Background: Hermann's tortoise (Testudo hermanni) is a near threatened species found throughout southern Europe. Captive breeding of endangered species is subject to health risks, such as the stress of captivity and ambient conditions that may favor the emergence of infectious diseases. An episode of systemic atypical mycobacteriosis was investigated in six Hermann's tortoises from a captive population. The symptoms appeared in the form of anorexia, weakness, and lethargy, with inflammatory and edematous lesions of the hind limbs and tail. Four of the affected tortoises were euthanized and necropsied. Methods: Blood samples and joint aspirates were obtained for assessment. Euthanasia of four affected animals was performed. Postmortem examination included necropsy, histopathology, and mycobacterium detection by culture and polymerase chain reaction (PCR). In the other two animals, only hematology and blood biochemistry was carried out. Results: Hematological and blood biochemistry analyses gave inconsistent results. In joint aspirates, mononuclear cells with phagocytozed bacillary structures were observed. Ziehl-Neelsen stain revealed the presence of acid-fast bacteria. Granulomatous lesions were observed in liver, lungs, spleen, heart, muscle, kidney, and ovaries. Culture and identification were positive for mycobacteria and molecular sequencing led to the identification of Mycobacterium nonchromogenicum. Conclusions and clinical relevance: Although mycobacteriosis is rare in reptile collections, strict hygienic and prophylactic measures in species of high ecological value must be performed, especially if the animals are to be used for reintroduction projects.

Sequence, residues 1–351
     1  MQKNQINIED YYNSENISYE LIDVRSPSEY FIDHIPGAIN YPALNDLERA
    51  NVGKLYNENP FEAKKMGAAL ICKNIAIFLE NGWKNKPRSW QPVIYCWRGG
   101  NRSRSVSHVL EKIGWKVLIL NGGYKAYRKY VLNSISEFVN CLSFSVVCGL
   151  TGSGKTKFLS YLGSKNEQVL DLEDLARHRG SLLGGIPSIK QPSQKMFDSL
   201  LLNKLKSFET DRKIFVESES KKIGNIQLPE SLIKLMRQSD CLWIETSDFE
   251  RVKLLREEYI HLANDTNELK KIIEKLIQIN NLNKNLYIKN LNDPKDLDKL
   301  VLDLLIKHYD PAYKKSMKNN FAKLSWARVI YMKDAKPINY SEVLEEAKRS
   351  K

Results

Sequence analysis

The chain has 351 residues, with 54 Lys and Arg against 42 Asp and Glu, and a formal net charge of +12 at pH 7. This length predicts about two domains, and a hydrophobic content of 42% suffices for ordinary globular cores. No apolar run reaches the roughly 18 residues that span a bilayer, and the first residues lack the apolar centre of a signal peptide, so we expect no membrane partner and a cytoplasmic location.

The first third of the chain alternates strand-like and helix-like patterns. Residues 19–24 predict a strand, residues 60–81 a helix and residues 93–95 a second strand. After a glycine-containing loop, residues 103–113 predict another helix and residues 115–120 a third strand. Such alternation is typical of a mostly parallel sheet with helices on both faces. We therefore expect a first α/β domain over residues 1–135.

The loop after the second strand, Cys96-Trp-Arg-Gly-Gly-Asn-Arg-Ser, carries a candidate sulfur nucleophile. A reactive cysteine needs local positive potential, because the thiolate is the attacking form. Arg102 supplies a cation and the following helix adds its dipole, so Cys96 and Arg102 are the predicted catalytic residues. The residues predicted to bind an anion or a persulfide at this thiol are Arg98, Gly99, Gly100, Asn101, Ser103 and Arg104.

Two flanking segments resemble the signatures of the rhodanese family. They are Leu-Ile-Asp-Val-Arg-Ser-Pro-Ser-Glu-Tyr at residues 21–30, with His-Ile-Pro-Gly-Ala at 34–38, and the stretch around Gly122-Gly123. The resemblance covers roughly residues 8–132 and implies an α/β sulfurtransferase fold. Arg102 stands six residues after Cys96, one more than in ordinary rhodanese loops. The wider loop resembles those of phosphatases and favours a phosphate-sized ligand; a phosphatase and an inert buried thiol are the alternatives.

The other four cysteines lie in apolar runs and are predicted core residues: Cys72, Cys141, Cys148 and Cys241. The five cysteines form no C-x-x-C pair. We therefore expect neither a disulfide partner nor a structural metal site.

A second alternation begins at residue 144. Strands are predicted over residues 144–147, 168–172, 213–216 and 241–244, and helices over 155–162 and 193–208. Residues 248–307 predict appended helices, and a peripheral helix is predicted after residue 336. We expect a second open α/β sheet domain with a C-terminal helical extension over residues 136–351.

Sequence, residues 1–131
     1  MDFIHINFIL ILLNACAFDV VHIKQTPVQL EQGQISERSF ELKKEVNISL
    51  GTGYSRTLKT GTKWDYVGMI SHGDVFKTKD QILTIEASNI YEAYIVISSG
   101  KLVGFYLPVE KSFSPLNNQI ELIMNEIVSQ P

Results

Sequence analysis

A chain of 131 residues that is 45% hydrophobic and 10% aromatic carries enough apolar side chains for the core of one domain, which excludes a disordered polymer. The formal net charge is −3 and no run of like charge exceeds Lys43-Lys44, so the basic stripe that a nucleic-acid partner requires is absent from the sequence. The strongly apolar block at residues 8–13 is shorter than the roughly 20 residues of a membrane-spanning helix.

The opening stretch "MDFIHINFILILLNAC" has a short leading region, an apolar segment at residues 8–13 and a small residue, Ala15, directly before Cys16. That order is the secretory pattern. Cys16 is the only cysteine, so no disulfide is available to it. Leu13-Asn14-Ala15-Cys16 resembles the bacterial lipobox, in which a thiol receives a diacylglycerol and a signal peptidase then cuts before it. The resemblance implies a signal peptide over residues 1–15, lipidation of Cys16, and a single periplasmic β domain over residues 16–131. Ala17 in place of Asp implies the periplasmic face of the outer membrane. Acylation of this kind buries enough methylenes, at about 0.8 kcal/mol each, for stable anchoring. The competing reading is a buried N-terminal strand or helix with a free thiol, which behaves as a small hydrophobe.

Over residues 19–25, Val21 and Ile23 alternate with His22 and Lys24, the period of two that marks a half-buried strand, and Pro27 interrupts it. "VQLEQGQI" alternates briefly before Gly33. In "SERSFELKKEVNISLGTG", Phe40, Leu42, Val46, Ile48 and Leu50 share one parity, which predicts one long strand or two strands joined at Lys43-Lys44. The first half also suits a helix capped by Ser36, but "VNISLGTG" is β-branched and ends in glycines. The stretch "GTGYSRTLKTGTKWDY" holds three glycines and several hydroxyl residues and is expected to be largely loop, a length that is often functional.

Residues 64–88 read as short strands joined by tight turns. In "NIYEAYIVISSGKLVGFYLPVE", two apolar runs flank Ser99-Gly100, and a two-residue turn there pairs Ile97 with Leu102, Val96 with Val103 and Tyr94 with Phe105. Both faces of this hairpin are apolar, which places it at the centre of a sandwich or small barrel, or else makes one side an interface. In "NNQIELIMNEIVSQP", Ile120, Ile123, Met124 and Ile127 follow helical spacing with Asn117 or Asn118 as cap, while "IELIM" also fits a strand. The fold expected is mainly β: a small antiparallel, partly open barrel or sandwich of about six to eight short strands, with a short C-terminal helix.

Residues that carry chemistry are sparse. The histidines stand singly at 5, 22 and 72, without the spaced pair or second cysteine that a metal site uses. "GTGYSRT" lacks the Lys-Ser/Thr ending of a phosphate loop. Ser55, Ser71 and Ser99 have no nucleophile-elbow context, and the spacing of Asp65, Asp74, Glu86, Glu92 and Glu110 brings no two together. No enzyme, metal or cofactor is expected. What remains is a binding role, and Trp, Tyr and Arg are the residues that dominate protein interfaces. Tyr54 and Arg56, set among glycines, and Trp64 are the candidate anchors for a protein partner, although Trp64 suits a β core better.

|Original language||American English|
|Number of pages||5|
|Journal||Journal of Exotic Pet Medicine|
|Publication status||Published - Jan 2020|
- Hermann's tortoise
- Mycobacterium nonchromogenicum
- Testudo hermanni